This is an archived article that was published on in 2014, and information in the article may be outdated. It is provided only for personal research purposes and may not be reprinted.

In addition to taking a mugshot and a fingerprint, police may be collecting DNA samples from those accused of a felony at the time of booking under a bill that passed the Senate Thursday.

HB212 needs only the governor's signature to become law.

Senate sponsor Sen. Stuart Adams, R-Layton, said the DNA would not be processed until after probable cause is established by way of a preliminary hearing, which makes Utah's collection of DNA sampling unique.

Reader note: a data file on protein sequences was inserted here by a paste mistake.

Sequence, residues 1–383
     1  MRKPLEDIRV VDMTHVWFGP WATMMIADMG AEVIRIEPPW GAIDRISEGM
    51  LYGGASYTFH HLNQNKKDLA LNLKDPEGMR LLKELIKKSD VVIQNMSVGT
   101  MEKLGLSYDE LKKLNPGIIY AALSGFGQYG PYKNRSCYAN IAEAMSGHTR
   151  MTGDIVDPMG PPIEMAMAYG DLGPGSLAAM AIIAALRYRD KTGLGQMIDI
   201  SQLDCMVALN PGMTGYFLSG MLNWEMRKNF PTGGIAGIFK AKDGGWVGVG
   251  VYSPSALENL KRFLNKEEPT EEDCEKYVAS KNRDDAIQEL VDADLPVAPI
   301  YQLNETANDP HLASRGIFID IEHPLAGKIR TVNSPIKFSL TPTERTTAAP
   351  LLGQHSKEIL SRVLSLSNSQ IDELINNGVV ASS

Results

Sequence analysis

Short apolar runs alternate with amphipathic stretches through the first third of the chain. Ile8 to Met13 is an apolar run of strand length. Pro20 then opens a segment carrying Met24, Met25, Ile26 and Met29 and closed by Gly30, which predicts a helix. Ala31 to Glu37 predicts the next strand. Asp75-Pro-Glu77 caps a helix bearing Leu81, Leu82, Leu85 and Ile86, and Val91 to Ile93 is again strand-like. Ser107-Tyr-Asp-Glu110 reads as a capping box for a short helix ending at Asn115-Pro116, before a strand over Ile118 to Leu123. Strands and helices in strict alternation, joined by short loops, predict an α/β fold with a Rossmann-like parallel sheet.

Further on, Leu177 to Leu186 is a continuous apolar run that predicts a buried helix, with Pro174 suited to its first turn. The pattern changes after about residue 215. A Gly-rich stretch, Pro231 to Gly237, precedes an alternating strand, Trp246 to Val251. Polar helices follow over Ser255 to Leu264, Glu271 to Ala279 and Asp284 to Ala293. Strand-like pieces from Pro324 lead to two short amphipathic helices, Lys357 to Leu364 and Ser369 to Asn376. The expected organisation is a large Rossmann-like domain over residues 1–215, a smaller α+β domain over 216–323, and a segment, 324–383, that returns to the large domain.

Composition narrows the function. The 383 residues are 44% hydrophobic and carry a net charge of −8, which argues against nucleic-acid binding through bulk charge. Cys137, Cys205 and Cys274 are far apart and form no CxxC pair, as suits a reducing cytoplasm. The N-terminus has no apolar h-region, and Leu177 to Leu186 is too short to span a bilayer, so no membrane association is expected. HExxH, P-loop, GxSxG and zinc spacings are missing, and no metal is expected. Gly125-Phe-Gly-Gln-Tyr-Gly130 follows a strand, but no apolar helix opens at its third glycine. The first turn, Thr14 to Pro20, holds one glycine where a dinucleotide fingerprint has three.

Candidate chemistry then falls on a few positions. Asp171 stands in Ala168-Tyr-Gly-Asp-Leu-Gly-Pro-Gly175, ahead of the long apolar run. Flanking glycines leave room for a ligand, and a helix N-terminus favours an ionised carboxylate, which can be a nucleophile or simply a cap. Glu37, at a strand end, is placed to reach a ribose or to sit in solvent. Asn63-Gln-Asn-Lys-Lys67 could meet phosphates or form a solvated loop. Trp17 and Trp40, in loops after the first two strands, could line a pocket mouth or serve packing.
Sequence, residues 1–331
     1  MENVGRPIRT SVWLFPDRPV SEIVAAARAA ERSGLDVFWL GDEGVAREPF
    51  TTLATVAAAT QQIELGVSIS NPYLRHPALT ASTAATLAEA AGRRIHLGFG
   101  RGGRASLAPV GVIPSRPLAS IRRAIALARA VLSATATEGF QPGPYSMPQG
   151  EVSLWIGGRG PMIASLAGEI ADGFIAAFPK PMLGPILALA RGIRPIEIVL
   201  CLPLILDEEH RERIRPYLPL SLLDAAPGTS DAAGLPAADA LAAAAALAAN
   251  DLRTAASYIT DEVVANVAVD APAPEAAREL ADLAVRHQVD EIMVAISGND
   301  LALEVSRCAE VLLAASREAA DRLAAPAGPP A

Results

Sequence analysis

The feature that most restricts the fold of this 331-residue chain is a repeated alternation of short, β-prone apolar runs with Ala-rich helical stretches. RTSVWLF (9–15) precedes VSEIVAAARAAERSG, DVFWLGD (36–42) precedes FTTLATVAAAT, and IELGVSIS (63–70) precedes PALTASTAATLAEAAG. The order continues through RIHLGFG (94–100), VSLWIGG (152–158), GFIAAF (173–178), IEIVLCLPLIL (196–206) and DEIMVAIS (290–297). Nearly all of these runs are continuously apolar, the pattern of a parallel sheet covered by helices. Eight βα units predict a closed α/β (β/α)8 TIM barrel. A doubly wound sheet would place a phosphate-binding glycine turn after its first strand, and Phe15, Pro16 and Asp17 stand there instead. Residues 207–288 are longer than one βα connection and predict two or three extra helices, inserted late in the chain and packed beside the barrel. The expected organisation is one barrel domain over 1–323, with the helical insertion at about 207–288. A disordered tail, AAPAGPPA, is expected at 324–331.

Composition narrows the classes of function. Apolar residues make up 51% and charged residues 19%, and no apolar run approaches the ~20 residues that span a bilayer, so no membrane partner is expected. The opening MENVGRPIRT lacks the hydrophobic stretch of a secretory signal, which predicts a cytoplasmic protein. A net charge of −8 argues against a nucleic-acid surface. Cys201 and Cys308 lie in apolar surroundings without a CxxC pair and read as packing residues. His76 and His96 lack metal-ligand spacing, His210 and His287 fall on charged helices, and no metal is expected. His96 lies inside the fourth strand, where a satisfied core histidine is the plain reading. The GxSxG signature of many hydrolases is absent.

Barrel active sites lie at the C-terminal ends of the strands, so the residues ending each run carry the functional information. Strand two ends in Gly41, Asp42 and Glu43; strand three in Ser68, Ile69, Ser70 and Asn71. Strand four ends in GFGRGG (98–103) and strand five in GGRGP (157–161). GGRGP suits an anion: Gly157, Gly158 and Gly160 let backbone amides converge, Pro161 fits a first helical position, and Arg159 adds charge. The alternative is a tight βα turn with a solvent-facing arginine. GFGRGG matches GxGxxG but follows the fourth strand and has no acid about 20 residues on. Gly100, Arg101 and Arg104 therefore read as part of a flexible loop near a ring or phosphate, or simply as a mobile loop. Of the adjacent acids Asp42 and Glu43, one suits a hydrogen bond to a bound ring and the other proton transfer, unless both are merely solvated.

The bill sidestepped some concerns of privacy violation because forensic specialists explained that a DNA sample doesn't expose personal medical information, such as predisposition to disease. An earlier version had also contemplated collecting samples from those charged with some misdemeanors, but that provision is not in the bill that passed.

House sponsor Sen. Steve Eliason, R-Sandy, said collecting a DNA sample is the 21st-century version of fingerprinting and reduces racial bias, prevents potential crimes and also exonerates those falsely imprisoned.

Passage of the bill follows hearings full of witness testimony by crime victims including Ed Smart and two daughters of Danielle Omer, who was raped and murdered in 1999.

Amy McDonald